music: Low: podcast intro
The Great Destroyer is Low's twelfth album and their first with Sub Pop. It was released in 2005 in the USA and recently in 2006 in the UK and Europe.
Here's a little from the press kit about them and their album ...
'Mimi Parker plays drums and sings
Zak Sally plays bass
Alan Sparhawk plays guitar and sings
Alan Sparhawk rarely uses foul language, preferring the less alarming modifier “stinkin’” to a more common, sharper word that begins with an F. Mimi Parker swears even less often, and since she provides the otherworldly female voice in Low’s songs, that fact might prevent fans from getting a potentially jarring shock. Zak Sally, the poker-faced backbone, couldn’t be described as chatty—nor would he want to be. For a decade now, the trio has been building music that rewards listeners that meet it halfway—unassuming, often quiet, slow songs that reveal the world when paid the close attention they deserve.
The idea, all that time ago, was to play as slowly and quietly as possible, but over ten years and seven albums Low has evolved from the lonely, reverb-drenched debut album that, confusingly, found them fans in Goth circles (I Could Live In Hope) to a heart-wrenchingly sad, naked album with a 15-minute burst of noise (The Curtain Hits The Cast) to a breathtaking trio of full-lengths (Secret Name, Thing We Lost in the Fire, and Trust) for Chicago indie-label Kranky on which they broke their own early rules by flirting with lushness, with loudness, and with more traditional (read: quicker) song structure. Throughout that evolution, Low never made what could be called, even by the loosest standards, a Rock Record. But if Sparhawk, as the de facto spokesman, were the type to get terse with invisible critics or people who dismiss Low as some kind of one-note slowcore band, he might say of his band’s seventh album (and first for Sub Pop) The Great Destroyer, “You want a rock record? Here’s your stinkin’ rock record.”
He wouldn’t be entirely right—this is still a Low album, and shares almost nothing musically with The Great Destroyer by Boston-based black metal band Cruelty Divine. But it is without a doubt Low’s most brisk album yet, and shifts moods so effortlessly and so often that it could throw longtime fans for a neck-spinning loop. The band that once spent an inordinate amount of time making sure their live vocals were sufficiently echoey (for maximum slow-mo effect) have traveled to their own version of a “fast” album which, while still decidedly snail-like compared to, say, Slayer, is no less passionate. Check out this lyric, from “Just Stand Back”: “It’s a hit / It’s got soul / Steal the show / With your rock ‘n’ roll.” Take that, sadcore.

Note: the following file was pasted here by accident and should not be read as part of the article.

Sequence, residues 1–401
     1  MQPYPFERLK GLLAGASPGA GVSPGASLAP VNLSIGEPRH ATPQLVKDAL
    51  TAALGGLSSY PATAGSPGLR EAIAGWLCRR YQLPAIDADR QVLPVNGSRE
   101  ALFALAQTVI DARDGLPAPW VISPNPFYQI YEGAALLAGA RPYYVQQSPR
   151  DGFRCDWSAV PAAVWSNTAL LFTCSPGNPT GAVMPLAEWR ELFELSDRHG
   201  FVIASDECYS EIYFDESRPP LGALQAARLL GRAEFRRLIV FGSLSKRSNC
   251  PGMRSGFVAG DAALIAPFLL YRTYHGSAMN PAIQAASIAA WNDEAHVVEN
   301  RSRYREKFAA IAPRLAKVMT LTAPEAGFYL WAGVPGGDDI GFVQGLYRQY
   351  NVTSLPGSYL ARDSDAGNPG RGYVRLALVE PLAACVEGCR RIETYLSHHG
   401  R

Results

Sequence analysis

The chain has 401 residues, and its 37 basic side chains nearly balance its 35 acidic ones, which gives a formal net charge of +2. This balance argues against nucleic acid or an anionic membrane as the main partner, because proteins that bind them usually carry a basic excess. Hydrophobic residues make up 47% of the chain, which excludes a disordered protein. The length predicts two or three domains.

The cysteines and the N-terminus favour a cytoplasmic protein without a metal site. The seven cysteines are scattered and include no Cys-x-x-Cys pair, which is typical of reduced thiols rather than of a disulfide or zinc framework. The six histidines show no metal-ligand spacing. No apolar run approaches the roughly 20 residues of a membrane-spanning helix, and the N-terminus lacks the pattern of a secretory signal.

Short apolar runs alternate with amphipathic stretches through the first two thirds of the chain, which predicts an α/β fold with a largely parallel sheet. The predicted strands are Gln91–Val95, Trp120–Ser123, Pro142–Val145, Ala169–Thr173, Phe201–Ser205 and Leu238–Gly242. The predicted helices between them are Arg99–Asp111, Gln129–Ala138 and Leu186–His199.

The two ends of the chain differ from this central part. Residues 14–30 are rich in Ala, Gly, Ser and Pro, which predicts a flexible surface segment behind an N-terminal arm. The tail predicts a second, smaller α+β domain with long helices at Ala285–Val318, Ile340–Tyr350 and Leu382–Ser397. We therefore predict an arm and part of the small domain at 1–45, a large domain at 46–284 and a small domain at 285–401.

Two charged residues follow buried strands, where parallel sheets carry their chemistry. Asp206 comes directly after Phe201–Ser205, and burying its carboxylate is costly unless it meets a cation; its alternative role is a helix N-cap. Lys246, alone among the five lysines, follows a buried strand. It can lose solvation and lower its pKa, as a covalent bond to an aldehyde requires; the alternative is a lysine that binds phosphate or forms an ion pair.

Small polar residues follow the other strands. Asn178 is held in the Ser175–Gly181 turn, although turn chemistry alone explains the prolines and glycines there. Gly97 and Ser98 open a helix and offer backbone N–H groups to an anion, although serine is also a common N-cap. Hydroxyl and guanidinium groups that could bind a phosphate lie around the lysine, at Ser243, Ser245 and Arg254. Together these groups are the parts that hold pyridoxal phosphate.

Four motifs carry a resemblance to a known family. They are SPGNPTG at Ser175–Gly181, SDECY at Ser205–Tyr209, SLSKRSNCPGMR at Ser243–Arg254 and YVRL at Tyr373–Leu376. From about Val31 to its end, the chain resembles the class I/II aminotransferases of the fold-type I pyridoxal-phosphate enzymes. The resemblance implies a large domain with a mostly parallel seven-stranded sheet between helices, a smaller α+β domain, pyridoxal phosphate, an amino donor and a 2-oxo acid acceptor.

With help from ace producer David Fridmann (who helped orchestrate lush turns by The Flaming Lips and Mercury Rev), Low tugs and prods at its own definition. The melancholy of old gets replaced by bits of fuzz, dirt, and darkness: “Monkey” announces The Great Destroyer’s departure from convention, its darkness offset by the bright, uptempo beauty of “California,” a song so sonically optimistic the Low of 1994 might retreat into a corner if they heard it. And it keeps on like that—unrelenting, audacious, something like brave: The folky simplicity of “When I Go Deaf” knocks its own ears off at the three-minute mark with a burst of guitar noise, “Silver Rider” marks another notch in the great canon of Low’s “la la la” songs, “Step” incorporates handclaps, fuzzy bass, and…is that a guitar solo?
The Great Destroyer will topple your ability to be complacent about Low and to waste time with sidelong simplifications (yes: married, Mormon, parents, Duluth, slow, sad). This time, they’re not politely asking for your attention, they’re letting a dynamic, straightforward, naked, and beautiful album loose on the world to just take it. Give it a stinkin’ listen, won’t you? – Josh Modell, Milwaukee, Sept. 2004'
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